Dessa and the younger of our two kids came home from the local game store with a couple games. This one, “Moonshiners of the Apocalypse,” and another which I’ll detail in a later post. We took our time with this one, playing for short bursts, across a couple of days, then basically starting over and getting it done in a matter of hours. It wasn’t the game that drew our interest out — we had work, school, and regular life things happening with limited play time. Overall, I think we all enjoyed this game. If you’re in for some strange fun, give it a go.
It’s a nicely sized box, pretty standard fare, with a big plastic insert for figurines, cards, and the little wooden bits. The rulebook looks nice, with consistent artwork, and it all looks like something like Wizard of Oz before leaving Kansas… only, in color. The board is sturdy, and it looks like the game was printed directly on the board. Could be paper, but I don’t know. Mysteries of the manufacturing process.
Some of the things were too hard to pry out of the plastic case, so it got messy quick.
Without doing any research or anything, we were confused as to why there were these zombie looking pieces. They turned out to be drunkards, as the theme of the game is running moonshine during some plague. Appropriate for 2020/2021/202also.
I have a small complaint about the miniature pieces. If a game is going to do minis, do them in 28mm scale! Also, the drunkard minis are pretty useless, because you need to have the appropriate drunkard match their ability card. You can’t do that if they’re all the same shape and form. The drunkard pieces ended up sitting in some colored bases, and never getting touched. We elected to use the standup cards instead (which actually look great).
The way this works, is there are 7 days before this balloon comes to collect the person with the most gold. That person gets to buy their way out of the plague infested mid-west America to a much better, plague-free zone like Mexico or Canada. Sounds to me like there should be a sequel in the making.
You get two actions in the morning, and two actions in the afternoon, then nighttime happens. Each day, a different player is the first player, marked by passing a bottle around the table. The player with the bottle is the first player that day. You keep track of your actions with some chips that you put on your player card.
You can explore, to draw Relic cards. You can trade those for scrap, which you need to build cornfields, stills, workshops, and saloons. You can also fight the drunkards who are on your property. You need to do this to rescue people and turn them into workers on your land. During the night, they grow corn, turn it into booze, and then sell it at the saloon. If you get this process going, you earn more gold per turn than just trading scrap for gold. It’s all about the exchange rate. They don’t really explain this in the book, you just have to figure it out, or be told.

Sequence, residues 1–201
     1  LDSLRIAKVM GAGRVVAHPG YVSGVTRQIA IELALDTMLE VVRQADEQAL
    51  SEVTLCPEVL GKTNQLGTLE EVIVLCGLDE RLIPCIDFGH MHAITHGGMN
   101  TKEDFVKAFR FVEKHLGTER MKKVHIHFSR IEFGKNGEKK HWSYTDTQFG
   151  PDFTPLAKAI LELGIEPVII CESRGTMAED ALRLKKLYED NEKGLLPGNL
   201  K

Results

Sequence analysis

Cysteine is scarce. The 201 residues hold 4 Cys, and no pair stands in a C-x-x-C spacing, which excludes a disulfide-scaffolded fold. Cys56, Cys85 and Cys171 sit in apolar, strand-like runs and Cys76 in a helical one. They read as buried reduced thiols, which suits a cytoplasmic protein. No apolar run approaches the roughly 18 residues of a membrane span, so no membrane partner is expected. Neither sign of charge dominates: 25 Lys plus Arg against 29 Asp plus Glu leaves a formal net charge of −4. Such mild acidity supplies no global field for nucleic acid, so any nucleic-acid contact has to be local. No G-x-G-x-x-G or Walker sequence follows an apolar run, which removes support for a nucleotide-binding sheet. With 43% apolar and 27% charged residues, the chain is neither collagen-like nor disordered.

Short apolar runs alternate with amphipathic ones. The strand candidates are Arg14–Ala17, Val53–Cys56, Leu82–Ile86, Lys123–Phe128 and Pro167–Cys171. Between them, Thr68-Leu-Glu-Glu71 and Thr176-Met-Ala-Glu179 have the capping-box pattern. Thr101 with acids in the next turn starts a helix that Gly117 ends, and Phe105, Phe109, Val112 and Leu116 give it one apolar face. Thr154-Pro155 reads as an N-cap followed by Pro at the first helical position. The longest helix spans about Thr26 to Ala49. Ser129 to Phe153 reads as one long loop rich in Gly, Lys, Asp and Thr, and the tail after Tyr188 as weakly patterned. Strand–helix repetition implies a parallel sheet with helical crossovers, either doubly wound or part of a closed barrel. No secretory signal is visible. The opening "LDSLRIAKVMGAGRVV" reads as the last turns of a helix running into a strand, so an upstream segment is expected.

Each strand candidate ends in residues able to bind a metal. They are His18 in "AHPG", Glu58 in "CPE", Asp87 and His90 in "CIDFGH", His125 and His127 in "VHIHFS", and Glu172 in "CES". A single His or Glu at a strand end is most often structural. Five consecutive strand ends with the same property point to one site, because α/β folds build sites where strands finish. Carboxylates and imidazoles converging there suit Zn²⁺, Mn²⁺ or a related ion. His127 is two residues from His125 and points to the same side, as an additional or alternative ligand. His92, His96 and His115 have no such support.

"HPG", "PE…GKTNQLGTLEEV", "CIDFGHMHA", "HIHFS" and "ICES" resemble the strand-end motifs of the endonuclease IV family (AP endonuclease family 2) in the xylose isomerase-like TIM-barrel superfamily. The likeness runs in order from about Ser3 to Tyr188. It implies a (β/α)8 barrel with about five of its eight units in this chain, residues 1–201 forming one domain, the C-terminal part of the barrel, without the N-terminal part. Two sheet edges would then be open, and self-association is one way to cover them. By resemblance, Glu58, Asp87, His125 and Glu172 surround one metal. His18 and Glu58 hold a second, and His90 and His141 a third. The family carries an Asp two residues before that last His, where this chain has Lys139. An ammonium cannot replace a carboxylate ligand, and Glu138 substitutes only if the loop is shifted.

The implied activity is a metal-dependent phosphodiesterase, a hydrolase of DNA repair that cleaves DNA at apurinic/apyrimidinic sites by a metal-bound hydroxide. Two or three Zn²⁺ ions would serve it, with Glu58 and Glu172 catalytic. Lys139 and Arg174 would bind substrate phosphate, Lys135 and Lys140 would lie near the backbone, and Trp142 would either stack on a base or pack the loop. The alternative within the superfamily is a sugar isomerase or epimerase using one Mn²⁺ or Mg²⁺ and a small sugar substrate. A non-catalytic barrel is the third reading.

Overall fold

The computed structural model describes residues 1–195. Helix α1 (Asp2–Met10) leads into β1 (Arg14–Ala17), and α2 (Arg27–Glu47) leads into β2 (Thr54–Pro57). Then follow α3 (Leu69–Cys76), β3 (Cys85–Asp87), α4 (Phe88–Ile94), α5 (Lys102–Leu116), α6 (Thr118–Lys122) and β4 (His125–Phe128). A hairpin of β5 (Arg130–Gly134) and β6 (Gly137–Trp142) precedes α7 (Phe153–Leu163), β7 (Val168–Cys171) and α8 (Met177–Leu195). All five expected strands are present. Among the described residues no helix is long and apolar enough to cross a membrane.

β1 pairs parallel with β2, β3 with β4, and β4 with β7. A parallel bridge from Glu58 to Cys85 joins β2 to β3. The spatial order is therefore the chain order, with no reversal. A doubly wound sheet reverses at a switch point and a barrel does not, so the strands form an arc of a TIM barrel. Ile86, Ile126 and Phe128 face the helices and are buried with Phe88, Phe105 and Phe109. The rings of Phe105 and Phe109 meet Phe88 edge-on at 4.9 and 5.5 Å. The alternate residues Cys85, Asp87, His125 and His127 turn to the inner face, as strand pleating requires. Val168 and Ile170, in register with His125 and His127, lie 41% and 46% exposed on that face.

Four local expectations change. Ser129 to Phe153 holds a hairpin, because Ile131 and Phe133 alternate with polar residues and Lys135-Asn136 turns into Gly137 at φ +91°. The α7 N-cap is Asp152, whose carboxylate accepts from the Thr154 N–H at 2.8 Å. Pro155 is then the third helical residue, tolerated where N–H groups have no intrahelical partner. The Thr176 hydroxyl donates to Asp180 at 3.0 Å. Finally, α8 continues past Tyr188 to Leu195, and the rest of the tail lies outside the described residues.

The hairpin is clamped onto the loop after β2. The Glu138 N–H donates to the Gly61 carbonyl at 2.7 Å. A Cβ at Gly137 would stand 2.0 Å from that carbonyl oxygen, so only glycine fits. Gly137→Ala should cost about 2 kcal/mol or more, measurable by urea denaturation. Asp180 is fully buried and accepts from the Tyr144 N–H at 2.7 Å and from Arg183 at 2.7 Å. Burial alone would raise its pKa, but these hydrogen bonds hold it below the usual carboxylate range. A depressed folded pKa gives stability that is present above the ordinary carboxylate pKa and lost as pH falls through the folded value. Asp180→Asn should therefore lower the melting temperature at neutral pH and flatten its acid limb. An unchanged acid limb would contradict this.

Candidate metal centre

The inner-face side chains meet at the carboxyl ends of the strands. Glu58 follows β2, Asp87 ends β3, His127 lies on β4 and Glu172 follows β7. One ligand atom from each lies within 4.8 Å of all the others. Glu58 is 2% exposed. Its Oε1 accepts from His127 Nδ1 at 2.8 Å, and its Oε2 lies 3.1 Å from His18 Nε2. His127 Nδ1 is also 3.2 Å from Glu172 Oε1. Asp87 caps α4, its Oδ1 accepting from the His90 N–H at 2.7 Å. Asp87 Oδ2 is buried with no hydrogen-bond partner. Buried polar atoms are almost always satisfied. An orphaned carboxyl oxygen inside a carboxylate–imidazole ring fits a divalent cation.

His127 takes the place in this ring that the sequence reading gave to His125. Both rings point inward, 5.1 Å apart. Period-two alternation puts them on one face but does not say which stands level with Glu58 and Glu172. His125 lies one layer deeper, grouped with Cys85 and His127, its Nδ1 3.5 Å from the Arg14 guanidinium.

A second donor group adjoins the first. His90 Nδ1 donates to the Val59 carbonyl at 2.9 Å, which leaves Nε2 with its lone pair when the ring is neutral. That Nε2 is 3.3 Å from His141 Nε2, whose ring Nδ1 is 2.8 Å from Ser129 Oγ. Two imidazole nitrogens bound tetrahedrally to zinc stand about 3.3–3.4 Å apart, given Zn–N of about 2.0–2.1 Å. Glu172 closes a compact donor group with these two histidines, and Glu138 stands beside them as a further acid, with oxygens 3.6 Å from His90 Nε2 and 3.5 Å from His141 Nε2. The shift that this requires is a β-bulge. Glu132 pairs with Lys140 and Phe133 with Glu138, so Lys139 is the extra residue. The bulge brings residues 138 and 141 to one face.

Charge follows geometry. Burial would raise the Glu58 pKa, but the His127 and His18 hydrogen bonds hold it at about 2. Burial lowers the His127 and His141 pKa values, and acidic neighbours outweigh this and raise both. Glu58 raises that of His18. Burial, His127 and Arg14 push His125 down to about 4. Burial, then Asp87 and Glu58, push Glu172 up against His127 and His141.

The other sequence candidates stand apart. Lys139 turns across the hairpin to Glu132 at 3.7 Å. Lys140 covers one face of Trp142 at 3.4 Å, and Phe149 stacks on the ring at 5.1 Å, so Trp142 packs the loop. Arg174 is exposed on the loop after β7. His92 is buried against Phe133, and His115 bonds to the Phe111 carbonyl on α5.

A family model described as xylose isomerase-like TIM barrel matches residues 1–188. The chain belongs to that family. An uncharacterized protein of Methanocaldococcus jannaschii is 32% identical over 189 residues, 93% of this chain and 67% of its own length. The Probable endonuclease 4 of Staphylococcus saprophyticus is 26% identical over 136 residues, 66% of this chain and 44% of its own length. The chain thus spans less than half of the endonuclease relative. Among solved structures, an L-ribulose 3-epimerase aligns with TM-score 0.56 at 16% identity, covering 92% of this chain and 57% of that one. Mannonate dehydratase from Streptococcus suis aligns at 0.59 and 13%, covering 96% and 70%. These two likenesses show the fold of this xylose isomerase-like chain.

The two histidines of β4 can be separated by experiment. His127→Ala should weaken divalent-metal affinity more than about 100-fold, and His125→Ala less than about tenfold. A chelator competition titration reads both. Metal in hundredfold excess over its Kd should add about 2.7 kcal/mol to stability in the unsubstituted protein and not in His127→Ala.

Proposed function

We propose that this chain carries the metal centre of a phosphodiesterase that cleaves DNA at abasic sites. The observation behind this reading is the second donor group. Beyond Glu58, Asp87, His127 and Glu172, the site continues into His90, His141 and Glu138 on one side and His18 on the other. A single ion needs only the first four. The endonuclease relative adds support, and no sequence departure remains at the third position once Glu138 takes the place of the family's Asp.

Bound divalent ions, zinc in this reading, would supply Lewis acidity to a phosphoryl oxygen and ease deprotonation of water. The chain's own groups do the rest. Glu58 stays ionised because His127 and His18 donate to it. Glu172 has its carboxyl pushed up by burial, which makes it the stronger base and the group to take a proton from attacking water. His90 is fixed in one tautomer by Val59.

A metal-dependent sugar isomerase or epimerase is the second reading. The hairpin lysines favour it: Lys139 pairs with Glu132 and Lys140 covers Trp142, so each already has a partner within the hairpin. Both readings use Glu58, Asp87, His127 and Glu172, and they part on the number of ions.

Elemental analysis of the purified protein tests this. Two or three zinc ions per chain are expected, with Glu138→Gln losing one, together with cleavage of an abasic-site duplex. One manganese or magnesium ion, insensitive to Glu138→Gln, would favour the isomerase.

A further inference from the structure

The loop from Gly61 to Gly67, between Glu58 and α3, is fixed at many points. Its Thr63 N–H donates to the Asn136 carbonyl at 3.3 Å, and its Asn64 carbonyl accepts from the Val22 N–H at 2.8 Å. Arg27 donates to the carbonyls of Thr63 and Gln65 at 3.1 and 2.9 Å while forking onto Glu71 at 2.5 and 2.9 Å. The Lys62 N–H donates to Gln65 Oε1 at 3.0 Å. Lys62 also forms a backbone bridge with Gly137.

When you fight drunkards, you’re not really fighting… you’re drinking. They’ve got this chart on the top of your character’s card that tracks how many bottles of “the good stuff” you consume. You’ve also got an endurance and inebriation tracker on the bottom. It’s possible to pass out, and miss the rest of your turn. It’s also possible to buy a hangover cure, and not worry about it.
The only hiccup here is exploring and drinking use the same dice but in different ways. Each face is printed with a drinking half, and an exploration half. It makes it confusing for new players. There should have just been a set of dice for exploring, and a set for drinking.
This is one of those games where a good mix of competitive players and social players can get together and have a good time. If I were a drinking man, I’d say it’s probably a good game to enjoy with a real bottle. But I’m not, so do what your liver can handle.
We played, chatted, snacked, and had a good time.
At the end, I ended up with the most gold – having figured out the economy of the game quicker than the other two. There’s a bit of exchange that goes on the final night, when the balloon arrives. All your stuff gets exchanged for gold. The rate isn’t great, so it’s better to have generated gold via the moonshining than generating scrap, relics, or whatnot. It is in the name of the game, people!
I’d play again, with two or more players. It has a ruleset for single player, but that seems to miss the point for me. Also, there are cards that were a kickstarter exclusive. They’re events, but I don’t know what they do, because they didn’t come with our game. That’s the danger of buying kickstarter games, I suppose. Only a few weird things (the figurines, a misprint in the rules, not clearly stating how to win, and the dice) made us scratch our heads. But overall, the game has good quality, a great feel to it, and rapid, strategic gameplay. Worth every penny.
Share your thoughts here, using the Facebook comment plugin. I use FB, because I don’t want to handle your usernames and passwords, creating accounts, or having to mess with SPAM. Let me know if you have any questions about Moonshiners of the Apocalypse.